Saturday’s game against Arkansas State was a bit uninspiring offensively, to say the least. Nevertheless, offensive coordinator Josh Henson was able to find ways to move the ball and put enough points on the board to come away with a hard-fought 27-20 victory.
Maty Mauk finds Wes Leftwich for 32 yard touchdown
While the receivers may be inexperienced, one thing the group doesn’t lack in is speed, and Wesley Leftwich may well be the fastest of the bunch. His straight-line speed combined with Mauk’s love of throwing it deep should continue to make for a nice combo. Here Leftwich runs a simple fade route, running past the corner with relative ease, eventually making a tough catch on a slightly inaccurate throw for a touchdown.
Due to a few issues, it never really felt like the passing game got into a good rhythm. An easy way to get any passing game into a rhythm is with quick screens to the receivers. To stop this play, the defense will eventually start shooting downhill on screens quicker, making an earlier tackle.
Maty Mauk finds Nate Brown for 11 yard touchdown
Once the defense starts doing this, the offense can take advantage by faking the screen then throwing it deep. In this highlight, the slot WR (Nate Brown) sells a block on the corner, ensuring he thinks a screen is coming. This allows Brown to slip past him and the safety to break wide open in the endzone.
While the offense struggled to get the running backs into a rhythm, Henson still found a way to get the ground game going; the QB Draw. Maty Mauk’s athleticism at the QB position offers him an advantage in the run game, and one he’s more than willing to exploit.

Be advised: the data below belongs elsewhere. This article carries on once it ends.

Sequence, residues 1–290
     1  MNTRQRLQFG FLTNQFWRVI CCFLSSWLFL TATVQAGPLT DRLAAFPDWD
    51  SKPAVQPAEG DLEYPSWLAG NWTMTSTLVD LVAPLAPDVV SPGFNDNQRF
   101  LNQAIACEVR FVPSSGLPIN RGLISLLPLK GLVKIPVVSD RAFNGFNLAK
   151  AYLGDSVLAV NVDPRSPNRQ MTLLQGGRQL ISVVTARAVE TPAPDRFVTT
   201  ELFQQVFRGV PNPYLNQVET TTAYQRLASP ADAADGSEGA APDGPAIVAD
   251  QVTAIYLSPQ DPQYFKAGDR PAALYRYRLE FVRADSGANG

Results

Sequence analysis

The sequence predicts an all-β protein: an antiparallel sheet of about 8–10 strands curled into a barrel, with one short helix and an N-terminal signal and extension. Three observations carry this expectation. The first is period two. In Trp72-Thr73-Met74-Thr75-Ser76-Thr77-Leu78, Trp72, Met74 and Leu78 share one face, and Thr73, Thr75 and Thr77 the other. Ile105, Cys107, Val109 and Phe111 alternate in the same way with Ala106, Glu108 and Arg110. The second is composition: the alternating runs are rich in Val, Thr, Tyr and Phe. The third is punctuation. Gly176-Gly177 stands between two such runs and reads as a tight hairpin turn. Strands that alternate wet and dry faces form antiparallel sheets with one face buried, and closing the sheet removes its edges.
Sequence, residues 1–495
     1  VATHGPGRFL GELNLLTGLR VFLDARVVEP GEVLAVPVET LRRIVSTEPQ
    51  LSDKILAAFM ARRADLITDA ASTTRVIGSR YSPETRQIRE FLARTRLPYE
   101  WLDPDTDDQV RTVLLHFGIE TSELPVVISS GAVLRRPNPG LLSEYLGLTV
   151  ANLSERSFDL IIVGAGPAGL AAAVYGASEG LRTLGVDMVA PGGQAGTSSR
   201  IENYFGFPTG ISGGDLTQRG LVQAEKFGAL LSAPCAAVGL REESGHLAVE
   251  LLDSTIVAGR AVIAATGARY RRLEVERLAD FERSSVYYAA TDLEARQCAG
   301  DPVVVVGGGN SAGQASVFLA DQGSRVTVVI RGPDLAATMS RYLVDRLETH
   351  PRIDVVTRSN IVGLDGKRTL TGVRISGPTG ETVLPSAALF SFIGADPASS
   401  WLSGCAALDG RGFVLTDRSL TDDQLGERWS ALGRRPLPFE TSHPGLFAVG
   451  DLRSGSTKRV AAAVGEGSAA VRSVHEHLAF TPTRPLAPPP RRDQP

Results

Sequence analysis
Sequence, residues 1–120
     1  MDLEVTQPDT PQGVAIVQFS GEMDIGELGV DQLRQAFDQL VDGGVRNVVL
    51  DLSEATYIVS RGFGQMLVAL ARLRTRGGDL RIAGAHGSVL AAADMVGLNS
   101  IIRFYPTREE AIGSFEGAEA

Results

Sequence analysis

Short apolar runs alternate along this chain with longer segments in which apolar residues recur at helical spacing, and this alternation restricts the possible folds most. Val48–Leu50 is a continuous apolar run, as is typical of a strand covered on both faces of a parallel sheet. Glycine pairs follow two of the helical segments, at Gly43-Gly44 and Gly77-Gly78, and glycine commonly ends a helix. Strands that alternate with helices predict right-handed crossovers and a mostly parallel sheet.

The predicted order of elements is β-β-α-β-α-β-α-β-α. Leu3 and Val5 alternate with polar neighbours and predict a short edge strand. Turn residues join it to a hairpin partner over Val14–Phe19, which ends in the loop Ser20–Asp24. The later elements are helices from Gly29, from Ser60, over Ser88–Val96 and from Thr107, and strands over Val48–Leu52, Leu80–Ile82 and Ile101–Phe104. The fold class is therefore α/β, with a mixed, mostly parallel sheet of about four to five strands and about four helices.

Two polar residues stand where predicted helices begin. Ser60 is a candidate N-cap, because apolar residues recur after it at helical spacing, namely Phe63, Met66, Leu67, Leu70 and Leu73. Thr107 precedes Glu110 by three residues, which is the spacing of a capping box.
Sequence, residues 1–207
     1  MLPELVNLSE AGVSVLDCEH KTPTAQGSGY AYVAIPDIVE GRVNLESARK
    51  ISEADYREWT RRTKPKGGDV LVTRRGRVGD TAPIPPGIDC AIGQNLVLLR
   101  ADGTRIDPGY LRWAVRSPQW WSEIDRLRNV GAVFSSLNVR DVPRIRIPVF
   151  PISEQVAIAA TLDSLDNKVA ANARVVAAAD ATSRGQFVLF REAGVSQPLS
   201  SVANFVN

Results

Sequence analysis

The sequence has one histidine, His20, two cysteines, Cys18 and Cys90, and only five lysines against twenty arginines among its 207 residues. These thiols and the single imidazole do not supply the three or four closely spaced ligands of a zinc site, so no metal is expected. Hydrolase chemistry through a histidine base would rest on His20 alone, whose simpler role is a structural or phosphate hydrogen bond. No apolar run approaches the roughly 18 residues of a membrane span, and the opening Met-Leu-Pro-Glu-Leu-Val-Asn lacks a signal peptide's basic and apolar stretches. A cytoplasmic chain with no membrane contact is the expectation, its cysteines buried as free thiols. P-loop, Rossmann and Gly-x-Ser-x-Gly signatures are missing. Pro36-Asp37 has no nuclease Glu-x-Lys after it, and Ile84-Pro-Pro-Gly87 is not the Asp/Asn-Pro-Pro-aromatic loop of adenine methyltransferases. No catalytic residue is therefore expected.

Mauk's draw play
Mauk draw play part two
<blockquote class="twitter-video" lang="en"><p lang="en" dir="ltr">Tonight's running game will be provided by Maty Mauk <a href="https://twitter.com/hashtag/MaukSpeed?src=hash">#MaukSpeed</a> <a href="http://t.co/k8EfmZ5fuB">pic.twitter.com/k8EfmZ5fuB</a></p>— Rock M Nation (@rockmnation) <a href="https://twitter.com/rockmnation/status/642882628773744640">September 13, 2015</a></blockquote>
<script async src="//platform.twitter.com/widgets.js" charset="utf-8"></script>
A draw play will often consist of a run-pass read for the QB, usually on a quick route such as an out or a hitch. If the defender (usually a linebacker) can’t get to the receiver in time, the QB is to throw the ball quickly. If the defender is in good position to guard the route, the QB runs the ball. The offensive line sells pass blocking, but gets upfield to block for the draw. While it may sound like an easy way to get an ineligible man downfield penalty, because of the quickness in which the throw is made, the linemen will (should) not be far enough downfield to get flagged.
With Russell Hansbrough still out with an injury, the Tigers must become increasingly creative to move the ball downfield on a consistent basis. Plays like these can be staples of what will hopefully grow into an effective offense.